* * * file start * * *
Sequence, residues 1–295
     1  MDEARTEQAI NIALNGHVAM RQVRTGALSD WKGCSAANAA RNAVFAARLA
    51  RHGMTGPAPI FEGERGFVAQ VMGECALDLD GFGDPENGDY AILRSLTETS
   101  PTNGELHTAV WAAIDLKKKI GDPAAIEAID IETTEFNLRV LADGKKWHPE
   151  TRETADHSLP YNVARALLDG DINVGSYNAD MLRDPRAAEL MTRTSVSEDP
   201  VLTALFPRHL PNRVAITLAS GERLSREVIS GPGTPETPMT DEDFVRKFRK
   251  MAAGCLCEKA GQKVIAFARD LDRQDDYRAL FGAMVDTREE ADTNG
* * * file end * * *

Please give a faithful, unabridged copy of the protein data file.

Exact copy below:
Sequence, residues 1–295
     1  MDEARTEQAI NIALNGHVAM RQVRTGALSD WKGCSAANAA RNAVFAARLA
    51  RHGMTGPAPI FEGERGFVAQ VMGECALDLD GFGDPENGDY AILRSLTETS
   101  PTNGELHTAV WAAIDLKKKI GDPAAIEAID IETTEFNLRV LADGKKWHPE
   151  TRETADHSLP YNVARALLDG DINVGSYNAD MLRDPRAAEL MTRTSVSEDP
   201  VLTALFPRHL PNRVAITLAS GERLSREVIS GPGTPETPMT DEDFVRKFRK
   251  MAAGCLCEKA GQKVIAFARD LDRQDDYRAL FGAMVDTREE ADTNG